Easement in Gross: Definition and Practical Example for any Business

Easement in gross
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You’ve just got a land, and you realize it full of fossil fuel pipeline or with power lines running underneath your property. what do you do with them? Absolutely nothing because you do not own them but you can allow others to make use of the property as per their wish. The Petroleum and the utility companies have an easement in gross to lay and maintain the pipes and lines. This text deals with easements in gross, its definition, termination, a sample including practical examples.

Easement in Gross Definition

 This is the right a person has to exercise limited ownership or possession over another person’s property. it is a nonpossessory property interest held by another party in another person’s land.

From the above, definition, an easement in gross creates contentious issues between neighboring land owners but it is also essential for their benefits. For instance, Mr. A uses conservation easements to ensure that his land is safe. similarly, Mr.B uses foster cooperation to ease accessibility ensuring the parcel of land is utilized accordingly. 

 Specifically, another example occurs when a landowner grants another person the right to come upon his land to plant or fish.

However, once the owner of this easement passes away or sells the property to another owner. Therefore, the other party has no right to use the land for these activities again.

In simple words, An easy definition of easement in gross is a legal right allowing an individual or entity to use someone’s land/property. An easement in gross agreement benefits the property owner as an individual, not the property. Therefore, an easement holder is not entitle to transfer the benefits to another party.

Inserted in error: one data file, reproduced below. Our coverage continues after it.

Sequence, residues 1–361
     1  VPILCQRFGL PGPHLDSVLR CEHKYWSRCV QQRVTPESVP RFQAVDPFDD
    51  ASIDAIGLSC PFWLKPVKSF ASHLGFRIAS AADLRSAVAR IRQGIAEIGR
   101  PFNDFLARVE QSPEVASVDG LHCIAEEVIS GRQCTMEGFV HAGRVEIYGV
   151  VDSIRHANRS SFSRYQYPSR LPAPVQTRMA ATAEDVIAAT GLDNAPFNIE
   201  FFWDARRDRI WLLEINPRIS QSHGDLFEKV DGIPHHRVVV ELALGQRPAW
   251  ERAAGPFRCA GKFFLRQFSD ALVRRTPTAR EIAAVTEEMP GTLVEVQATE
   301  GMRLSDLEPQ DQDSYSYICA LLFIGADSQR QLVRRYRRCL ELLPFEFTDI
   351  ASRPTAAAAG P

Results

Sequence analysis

Easement in Gross Example

Easement in gross is mainly for utility companies. They are created by implication, meaning that an easement is required for the use of the property. Thus, here are few examples of easements in gross below

#1. Pipeline easements

They are the most common easements in gross that permit pipeline companies to access buried sewer or water pipes, or service and renovate pipes.

#2. Utility company easements 

These types of easements in gross makes it possible for a utility company to service part of a property or maintain equipment needed to supply utility services.

#3. Land conservation easement.

This type of easement prevents an owner from taking actions that would affect the conservation of the land. This include extracting minerals or cutting down of useful trees.

#4. Easements by Necessity

A legal easement only exists if it’s absolutely necessary to cross someone’s land for a legitimate purpose. The law grants people the right access to their homes. This means that if the only access to Mr. A piece of land is by crossing through Mr. B’s property, the law recognizes an easement allowing access over that land. This is because Mr. A has the legal right through easement and Mr. B may not interfere with such right. However, this easement in gross example seems best.

How it Works